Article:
18900321 See an image of the original letter, http://dx.doi.org/10.17613/a30n-f403


S.S. Coleridge[1]


21st March 1890


My dear Mother,

As soon as I was safely on bord at Southampton, with all my luggage, I sent you a wire to let you know that I had started.

As the rain was falling steadily, the work of getting the things onto the tender, & thence to the steamer, was very disagreeable. We sailed abt. 4 o’c. & had a smooth run down Channel, but next day the Bay of Biscay justified its reputation by giving us a stiff gale.

The waves washed the deck, & the water came through ventilators & between planks, in copious streams, into the cabins, wetting everything & putting everybody in a bad temper. For two nights I had to sleep in the saloon. The third day we sailed into calm water again & the sun came out bright & strong. All the beds & bedding, cushions, curtains, coats, rugs, were taken up & spread out on deck, or hung on lines, till the place looked like the side garden at Ashley Avenue on drying-day or during the Spring house-cleaning.[2].

Fortunately my things escaped without serious damage, though my dress-clothes, new coat, & tall hat ran no slight risk for some time, as there was not a dry place on the ship. Now all is pleasant again & we may expect fine weather & calm seas for the rest of the voyage.

My cabin is a large one & well ventilated & my companion is a decent fellow who keeps his chattels in order & does not get sick. There are some 60 passengers (saloon), a somewhat mixed lot at first sight, but I can’t say much abt. them yet.

I shall tell you more abt. the other passengers in my first letter from Buenos Ayres.

The Dr is a jolly fat little Irishman from Dublin. He gave me a sprig of shamrock which I wore on the 17th in your honour & St. Patrick’s.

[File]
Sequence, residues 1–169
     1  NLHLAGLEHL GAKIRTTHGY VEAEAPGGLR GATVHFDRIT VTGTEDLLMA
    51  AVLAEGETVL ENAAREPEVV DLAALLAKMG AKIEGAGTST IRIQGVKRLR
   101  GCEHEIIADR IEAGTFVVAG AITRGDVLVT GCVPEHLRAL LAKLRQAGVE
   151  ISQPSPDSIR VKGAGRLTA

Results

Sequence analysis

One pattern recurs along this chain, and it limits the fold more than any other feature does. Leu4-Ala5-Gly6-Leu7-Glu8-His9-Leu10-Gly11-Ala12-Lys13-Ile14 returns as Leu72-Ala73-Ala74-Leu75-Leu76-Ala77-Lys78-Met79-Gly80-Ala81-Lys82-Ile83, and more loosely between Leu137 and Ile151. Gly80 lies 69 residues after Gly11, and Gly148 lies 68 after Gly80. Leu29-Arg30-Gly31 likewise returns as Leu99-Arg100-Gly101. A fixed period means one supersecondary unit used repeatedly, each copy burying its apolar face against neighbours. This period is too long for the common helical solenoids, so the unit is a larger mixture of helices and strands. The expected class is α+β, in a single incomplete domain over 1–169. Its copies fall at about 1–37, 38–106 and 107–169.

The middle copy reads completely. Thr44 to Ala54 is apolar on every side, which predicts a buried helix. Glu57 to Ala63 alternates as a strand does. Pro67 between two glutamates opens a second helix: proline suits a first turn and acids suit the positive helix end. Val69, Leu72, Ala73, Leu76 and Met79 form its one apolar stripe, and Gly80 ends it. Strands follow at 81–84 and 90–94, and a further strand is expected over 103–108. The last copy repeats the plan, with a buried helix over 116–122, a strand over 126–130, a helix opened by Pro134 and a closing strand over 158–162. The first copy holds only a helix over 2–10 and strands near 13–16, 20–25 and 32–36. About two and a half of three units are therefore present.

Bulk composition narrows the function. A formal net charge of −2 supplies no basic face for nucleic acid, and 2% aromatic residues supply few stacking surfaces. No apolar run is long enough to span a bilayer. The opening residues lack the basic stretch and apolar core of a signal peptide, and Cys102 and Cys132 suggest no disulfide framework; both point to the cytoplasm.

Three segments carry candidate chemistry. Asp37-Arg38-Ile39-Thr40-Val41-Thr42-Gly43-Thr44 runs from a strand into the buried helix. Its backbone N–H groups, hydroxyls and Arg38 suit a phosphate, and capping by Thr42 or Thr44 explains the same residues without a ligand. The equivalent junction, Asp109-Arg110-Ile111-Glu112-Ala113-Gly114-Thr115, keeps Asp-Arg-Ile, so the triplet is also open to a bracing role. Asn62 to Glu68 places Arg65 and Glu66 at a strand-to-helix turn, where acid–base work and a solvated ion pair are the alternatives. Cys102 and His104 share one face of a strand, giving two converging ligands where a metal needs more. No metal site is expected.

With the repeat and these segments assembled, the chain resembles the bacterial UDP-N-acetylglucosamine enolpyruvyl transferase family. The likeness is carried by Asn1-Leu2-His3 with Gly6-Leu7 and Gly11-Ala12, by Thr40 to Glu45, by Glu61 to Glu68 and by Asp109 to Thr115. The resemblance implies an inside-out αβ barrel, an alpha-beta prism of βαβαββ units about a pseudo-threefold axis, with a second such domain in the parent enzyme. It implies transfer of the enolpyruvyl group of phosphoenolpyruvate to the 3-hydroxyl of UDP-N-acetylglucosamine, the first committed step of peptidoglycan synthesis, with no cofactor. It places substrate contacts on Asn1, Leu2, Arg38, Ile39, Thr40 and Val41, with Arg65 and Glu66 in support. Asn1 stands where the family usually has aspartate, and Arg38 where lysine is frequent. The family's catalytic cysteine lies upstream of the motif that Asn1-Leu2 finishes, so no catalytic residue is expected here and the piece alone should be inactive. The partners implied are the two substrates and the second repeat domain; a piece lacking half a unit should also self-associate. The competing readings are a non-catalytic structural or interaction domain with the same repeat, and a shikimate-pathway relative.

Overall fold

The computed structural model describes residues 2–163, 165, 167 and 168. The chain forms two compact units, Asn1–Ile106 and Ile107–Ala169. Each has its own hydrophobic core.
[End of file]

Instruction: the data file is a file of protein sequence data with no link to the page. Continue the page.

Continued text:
Here I may take this opportunity to send my best wishes for Annie’s birthday.[3] Some time ahead, but you won’t get another letter from me till beginning of May. You may hear from Dee that they have had telegrams from me.

The steamer ought to reach Montevideo any day from the 7th till the 10th or 11th & the Company have undertaken to wire you on her arrival.

We are just abt. to anchor now at Madeira, so I must cut this very short. While the vessel was rolling & pitching it was absolutely impossible to write.

I am very well indeed, & have not been sea-sick. On Tuesday evg. I was one of four passengers, out of sixty, who turned up for dinner.

To my great joy & satisfaction the plumcake, safe in my waterproof hold-all, passed uninjured through the ordeal, & I now have two big pieces a day. It is excellent, & my cabin-companion, who gets a slice at night, praises it enthusiastically.

I have had some of the sweets & they are tip top. With this big tinful (one l or two?) I hope to make friends with some nice children on board, particularly with one baby of two years, really a nice baby, very different from ordinary babies.

I intend getting some stamps on shore & shall decorate the envelope.

This is written in a hurry, so don’t be critical.

Hope you are all A1

Best love all round.

Your affectionate son Jack

  1. SS Coleridge: built 1875 ex-Mira, Lamport and Holt Line, 1889 purchased from Rathbone Bros, Liverpool renamed Coleridge, 1890 transferred from Belgian subsidiary, 1892 reverted to British flag, 1893 scrapped. 2 610 tonnes http://www.theshipslist.com/ships/lines/lamport.shtml
  2. Ashley Avenue, Belfast: A street of terrace houses off the Lisburn Road. It seems to have developed over a number of years starting before 1880. As opposed to the large villas of Lennoxvale.
  3. His sister Anne Isabella, born 24th April 1867


Icon for the Creative Commons Attribution-NonCommercial 4.0 International License

John McCaldin Loewenthal: Letters Home from a Victorian Commercial Traveller, 1889 - 1895 Copyright © 2022 by Michelle Fink, Robert Boyd, Sarah Watkinson is licensed under a Creative Commons Attribution-NonCommercial 4.0 International License, except where otherwise noted.

Share This Book